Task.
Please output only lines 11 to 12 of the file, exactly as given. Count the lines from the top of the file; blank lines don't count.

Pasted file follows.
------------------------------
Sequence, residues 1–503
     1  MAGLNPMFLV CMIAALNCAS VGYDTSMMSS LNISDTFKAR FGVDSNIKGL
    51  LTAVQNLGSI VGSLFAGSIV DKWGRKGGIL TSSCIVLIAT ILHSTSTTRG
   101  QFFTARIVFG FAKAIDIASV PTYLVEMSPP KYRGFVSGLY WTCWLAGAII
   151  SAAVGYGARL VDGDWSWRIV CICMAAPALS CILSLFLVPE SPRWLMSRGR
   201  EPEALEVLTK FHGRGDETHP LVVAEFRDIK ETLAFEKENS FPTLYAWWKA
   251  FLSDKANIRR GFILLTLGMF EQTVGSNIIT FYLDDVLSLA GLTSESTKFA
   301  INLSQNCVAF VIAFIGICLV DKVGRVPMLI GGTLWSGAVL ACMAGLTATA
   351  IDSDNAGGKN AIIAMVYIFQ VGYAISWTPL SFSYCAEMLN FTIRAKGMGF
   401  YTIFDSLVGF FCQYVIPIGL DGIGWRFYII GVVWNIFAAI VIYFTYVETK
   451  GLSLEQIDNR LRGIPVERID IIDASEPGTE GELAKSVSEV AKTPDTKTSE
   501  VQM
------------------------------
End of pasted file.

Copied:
   451  GLSLEQIDNR LRGIPVERID IIDASEPGTE GELAKSVSEV AKTPDTKTSE
   501  VQM